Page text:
Some students at the University of Saskatchewan are hoping that a petition signed by nearly 2,000 people may prevent major cuts to the university’s language program.
Knowledge of proposed cuts to the Language and Linguistics department had spread amongst students through instructors and two town hall meetings held by the College of Arts and Science, which houses the program, though the university’s budget has not been officially released, according to The Sheaf. The rumoured changes include reducing the German language program to one third year course and increasing class sizes. For example, first year Spanish courses could be pushed to hold 125 students.
One instructor explained that having 40 students in her German tutorial was overwhelming enough.
“I did not know how to incorporate every student, especially as they all have different questions about the course material,” Elena Hagemann, a tutorial leader for a third year German course, explained to the Sheaf. She also felt that a class of 125 students “would be of no use” to students.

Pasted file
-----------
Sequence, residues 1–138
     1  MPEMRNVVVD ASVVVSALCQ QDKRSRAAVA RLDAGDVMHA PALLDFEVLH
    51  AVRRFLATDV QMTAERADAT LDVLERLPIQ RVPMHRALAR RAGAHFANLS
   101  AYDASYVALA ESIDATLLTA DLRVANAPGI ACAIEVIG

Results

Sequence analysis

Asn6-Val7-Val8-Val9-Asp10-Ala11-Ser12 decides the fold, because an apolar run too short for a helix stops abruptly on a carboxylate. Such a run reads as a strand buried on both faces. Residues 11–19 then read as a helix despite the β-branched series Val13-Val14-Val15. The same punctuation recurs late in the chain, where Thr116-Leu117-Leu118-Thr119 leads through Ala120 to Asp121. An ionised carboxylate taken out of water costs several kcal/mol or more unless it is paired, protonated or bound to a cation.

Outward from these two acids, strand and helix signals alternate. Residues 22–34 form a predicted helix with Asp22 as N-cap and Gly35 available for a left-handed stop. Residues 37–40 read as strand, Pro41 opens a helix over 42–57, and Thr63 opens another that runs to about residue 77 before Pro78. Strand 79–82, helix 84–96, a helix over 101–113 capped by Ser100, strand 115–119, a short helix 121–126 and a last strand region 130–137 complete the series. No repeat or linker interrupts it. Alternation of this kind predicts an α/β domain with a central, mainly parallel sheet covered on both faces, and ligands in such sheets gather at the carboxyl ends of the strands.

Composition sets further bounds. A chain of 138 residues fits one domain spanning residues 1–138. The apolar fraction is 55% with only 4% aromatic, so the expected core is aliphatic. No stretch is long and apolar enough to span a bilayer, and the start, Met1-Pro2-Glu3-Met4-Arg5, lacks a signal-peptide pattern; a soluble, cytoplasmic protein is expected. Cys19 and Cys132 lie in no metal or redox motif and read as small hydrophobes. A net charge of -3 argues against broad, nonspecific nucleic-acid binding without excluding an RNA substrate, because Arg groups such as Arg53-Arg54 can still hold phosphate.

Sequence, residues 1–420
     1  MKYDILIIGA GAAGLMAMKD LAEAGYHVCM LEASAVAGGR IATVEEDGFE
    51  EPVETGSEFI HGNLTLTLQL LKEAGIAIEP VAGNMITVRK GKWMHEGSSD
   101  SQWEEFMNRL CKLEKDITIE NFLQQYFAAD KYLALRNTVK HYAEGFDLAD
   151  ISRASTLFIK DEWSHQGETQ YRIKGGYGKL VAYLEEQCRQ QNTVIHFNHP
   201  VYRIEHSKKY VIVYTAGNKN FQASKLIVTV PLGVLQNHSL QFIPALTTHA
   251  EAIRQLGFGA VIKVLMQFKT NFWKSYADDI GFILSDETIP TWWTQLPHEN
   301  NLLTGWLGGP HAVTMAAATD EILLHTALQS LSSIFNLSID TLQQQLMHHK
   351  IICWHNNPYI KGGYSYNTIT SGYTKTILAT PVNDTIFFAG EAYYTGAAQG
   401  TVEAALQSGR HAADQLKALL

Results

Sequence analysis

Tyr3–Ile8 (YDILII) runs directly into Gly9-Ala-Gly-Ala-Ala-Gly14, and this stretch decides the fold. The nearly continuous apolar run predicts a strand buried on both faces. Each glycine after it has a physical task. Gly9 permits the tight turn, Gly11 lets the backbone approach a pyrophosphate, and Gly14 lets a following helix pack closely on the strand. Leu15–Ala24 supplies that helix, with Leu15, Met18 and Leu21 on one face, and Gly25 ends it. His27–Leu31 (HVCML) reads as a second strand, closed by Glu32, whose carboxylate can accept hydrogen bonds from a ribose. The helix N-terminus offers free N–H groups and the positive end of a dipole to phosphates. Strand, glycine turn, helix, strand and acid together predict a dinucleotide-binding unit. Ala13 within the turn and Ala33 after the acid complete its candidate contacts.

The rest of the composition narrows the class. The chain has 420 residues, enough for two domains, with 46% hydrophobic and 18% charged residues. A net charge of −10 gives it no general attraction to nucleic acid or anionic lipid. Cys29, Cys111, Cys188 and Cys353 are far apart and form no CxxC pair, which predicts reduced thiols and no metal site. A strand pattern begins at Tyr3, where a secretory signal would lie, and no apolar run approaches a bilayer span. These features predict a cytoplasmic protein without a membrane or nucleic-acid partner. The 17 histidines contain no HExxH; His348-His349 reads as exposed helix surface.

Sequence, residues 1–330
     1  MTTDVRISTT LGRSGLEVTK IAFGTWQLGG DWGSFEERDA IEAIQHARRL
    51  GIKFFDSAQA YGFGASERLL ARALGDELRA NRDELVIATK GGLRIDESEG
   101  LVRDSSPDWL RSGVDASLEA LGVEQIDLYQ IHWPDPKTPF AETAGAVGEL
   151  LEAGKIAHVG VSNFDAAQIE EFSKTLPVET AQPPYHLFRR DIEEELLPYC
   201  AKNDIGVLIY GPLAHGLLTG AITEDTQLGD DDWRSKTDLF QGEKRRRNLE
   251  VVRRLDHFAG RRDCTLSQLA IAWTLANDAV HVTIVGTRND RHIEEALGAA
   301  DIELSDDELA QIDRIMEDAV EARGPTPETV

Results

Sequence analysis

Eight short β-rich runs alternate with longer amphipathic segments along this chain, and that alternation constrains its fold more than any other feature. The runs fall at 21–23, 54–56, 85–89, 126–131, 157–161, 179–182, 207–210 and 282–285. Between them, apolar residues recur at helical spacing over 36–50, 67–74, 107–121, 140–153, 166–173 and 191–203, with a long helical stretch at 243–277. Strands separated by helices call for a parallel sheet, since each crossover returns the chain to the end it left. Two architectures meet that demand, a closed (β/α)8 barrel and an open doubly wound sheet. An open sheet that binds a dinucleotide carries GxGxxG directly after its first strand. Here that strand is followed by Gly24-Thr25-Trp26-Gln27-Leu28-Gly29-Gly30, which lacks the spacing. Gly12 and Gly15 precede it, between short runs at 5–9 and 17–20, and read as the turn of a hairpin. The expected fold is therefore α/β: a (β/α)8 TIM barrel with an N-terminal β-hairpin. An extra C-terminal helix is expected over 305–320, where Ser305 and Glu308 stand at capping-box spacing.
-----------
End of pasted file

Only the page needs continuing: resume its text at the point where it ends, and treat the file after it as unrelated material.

Hearing of the changes prompted students in the department to circulate a petition to stop the cuts to their program. In three days alone, the students were able to collect 1,944 signatures on campus. Officials in the College of Arts and Science were presented with the petition at a town hall meeting last Friday.
“I’m apprehensive, but feeling a lot better than last week,” Josh Kroeker, a first year student in the department who helped draft the petition, told the Star Phoenix.
David Parkinson, U of S vice dean of humanities and fine arts, said that it was low demand for language courses that led to plans to reduce the program, and questioned whether students who signed the petition to save the courses would then register for them.
However, he told the Star Phoenix he was “inspired” by the students’ organized and well-prepared presentation, but added that reducing costs is still a reality for the college, as it is with many units on campus.
Parkinson explained that the university wants to continue teaching all the language courses currently offered, but that they may not be taught every year. Right now, the university is primarily concerned with making sure students in the program who are planning to graduate in the next year can complete all their required credits if any courses get axed.